Lauren Parnell knows the true cost of fair trade crafts. She paid for her basket-weaving endeavor with an achy back and sore hands.
While in training for her internship with Uganda Crafts in Kampala, Parnell transformed banana stem and dyed raffia into a stout and sturdy basket, though she says her craftsmanship came up a little short.
“It’s the ugliest basket you’ll ever see,” Parnell says. “I would have rejected it if I had been doing a quality check.”
Backed by an Undergraduate Research Grant, the senior social policy major spent last summer doing hands-on research on the fair trade industry in Africa. She met with fair trade artisans and coffee growers in Tanzania and Uganda as part of a United Students for Fair Trade delegation (led by USFT national coordinator Joe Curnow [SESP05]) and spent a month with Uganda Crafts.
Parnell worked with Uganda Crafts’ five staff members, negotiating between artisans and U.S. craft buyers, checking quality on export items and contributing to monthly sales reports and marketing strategies. Besides her basket, she also designed shoes and a building — she and a colleague drew up plans for a papermaking factory, including a gift shop and worker housing, that is currently under construction near the equator.
She left Africa with good material for her senior honors thesis on fair trade — and much more. “The thing I learned is that people are people wherever you go,” Parnell says.
In her service, both in Evanston and abroad, Parnell makes it a point to see those she serves as individuals. When she dishes out breakfast on Wednesday mornings at Hilda’s Place, an Evanston homeless shelter, she spends most of her time chatting with the residents. “It’s an opportunity,” Parnell says, “for us not just to serve them but to engage them as human beings, which is much more important to me.”
Her other volunteer commitments include serving as co-chair of the Northwestern Community Development Corps, the University’s largest student-run volunteer organization. Parnell is also student coordinator for Northwestern’s Public Interest Program, a new yearlong fellowship that sends a handful of recent Northwestern graduates to work in Chicago-area nonprofit organizations. (Organizers hope to expand the program nationwide.)
She is also planning her sixth service trip to the Catholic mission at San Lucas Tolimán in the Guatemalan highlands in March.
Parnell, who went on her first trip to Guatemala as a 16-year-old high school student, picked up her service ethic from her parents. She shared her home in the St. Paul suburb of Mahtomedi, Minn., with several foster children, including twins (a boy and a girl) from Mexico and a girl from Korea who later became her adopted siblings.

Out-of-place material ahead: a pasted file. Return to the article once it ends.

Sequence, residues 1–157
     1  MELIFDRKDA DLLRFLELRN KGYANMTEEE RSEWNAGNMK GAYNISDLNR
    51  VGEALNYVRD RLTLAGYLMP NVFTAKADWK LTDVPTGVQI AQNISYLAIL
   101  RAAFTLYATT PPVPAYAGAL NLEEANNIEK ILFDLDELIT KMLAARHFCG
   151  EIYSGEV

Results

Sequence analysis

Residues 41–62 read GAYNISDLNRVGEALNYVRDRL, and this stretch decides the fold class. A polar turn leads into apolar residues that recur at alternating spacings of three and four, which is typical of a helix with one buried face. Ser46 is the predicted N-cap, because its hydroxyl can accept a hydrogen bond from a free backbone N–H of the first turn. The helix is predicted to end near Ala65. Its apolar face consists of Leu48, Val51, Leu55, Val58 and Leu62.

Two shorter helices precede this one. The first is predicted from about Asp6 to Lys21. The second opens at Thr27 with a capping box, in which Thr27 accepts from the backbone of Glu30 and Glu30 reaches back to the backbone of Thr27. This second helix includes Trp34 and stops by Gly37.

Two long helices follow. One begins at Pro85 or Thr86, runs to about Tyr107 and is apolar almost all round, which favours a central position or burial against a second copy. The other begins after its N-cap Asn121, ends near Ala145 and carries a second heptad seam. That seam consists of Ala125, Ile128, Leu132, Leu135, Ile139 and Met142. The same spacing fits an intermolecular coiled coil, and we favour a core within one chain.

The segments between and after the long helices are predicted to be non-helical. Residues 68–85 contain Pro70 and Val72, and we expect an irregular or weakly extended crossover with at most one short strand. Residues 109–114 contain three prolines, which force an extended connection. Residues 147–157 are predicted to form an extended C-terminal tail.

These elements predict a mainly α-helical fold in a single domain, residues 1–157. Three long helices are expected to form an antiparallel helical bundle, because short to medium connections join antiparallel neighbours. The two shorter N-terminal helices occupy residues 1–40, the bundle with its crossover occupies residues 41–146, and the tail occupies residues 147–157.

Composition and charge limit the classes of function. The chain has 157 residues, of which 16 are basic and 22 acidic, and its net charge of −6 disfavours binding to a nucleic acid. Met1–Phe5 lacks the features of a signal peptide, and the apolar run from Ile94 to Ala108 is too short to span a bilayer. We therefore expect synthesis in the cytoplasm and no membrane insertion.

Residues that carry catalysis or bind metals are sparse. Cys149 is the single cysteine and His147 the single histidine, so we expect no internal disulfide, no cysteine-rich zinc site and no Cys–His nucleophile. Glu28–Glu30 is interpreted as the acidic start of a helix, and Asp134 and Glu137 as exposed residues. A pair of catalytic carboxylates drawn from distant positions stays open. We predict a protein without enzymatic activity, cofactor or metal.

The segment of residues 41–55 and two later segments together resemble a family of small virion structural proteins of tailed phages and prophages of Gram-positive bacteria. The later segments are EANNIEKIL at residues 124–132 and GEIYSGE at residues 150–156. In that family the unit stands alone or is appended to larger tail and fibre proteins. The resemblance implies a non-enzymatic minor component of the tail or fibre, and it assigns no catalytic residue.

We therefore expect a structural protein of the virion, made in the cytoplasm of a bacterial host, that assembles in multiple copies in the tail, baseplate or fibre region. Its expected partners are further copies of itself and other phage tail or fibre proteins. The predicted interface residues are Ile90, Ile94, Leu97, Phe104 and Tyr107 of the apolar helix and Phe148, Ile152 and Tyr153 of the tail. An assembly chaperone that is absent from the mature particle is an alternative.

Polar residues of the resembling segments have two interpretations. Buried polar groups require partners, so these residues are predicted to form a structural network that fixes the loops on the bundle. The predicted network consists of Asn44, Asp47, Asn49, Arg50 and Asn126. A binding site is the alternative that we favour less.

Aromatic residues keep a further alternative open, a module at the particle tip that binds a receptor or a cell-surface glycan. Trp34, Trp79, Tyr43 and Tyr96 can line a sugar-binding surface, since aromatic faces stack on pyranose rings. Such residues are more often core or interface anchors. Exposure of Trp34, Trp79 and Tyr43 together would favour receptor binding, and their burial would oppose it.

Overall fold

“Growing up in that situation made me realize how important it is to be an informed member of the community who’s willing to lend someone a hand if they’re stuck,” Parnell says.
Parnell’s outreach efforts earned her a 2006 Student Laureate Award in November from the Lincoln Academy of Illinois. In April Parnell was named one of five Northwestern volunteers of the year for her work with Chicago’s homeless and immigrant populations.
Parnell is a deserving recipient, says Susan Guderley, the city of Evanston’s neighborhood planner. In 2004–05 Parnell and two classmates worked with Guderley on a directory of West Evanston neighborhood organizations for the team’s certificate in service learning.
The trio picked up the city’s West Evanston Neighborhood Plan while searching for a project to pursue. The plan, which outlined the community’s vision for its future, pinned an increase in antisocial behavior — from graffiti to drug dealing — on weakened community bonds. So Parnell and her team created The Community Connection, a directory that serves as a membership recruitment tool and networking resource. (Parnell secured funding from the School of Education and Social Policy to help cover printing costs. The directory was distributed to community organizations and will soon be available online.)
Guderley says Parnell reached out to West Evanston residents “in a way that always gave them such dignity... She met with people who were sometimes suspicious of her. But she has this ability to connect with people, listen to them and share their dreams.”
For her part, Parnell admits that her service is always rooted in relationships.
“I’ve come to realize some truths about doing work in the community,” she says. “I was an outsider in Africa. And I was an outsider in West Evanston. When you come into a community hoping to create some change, you have to gain trust no matter where you are.”Sean Hargadon is senior editor of Northwestern magazine.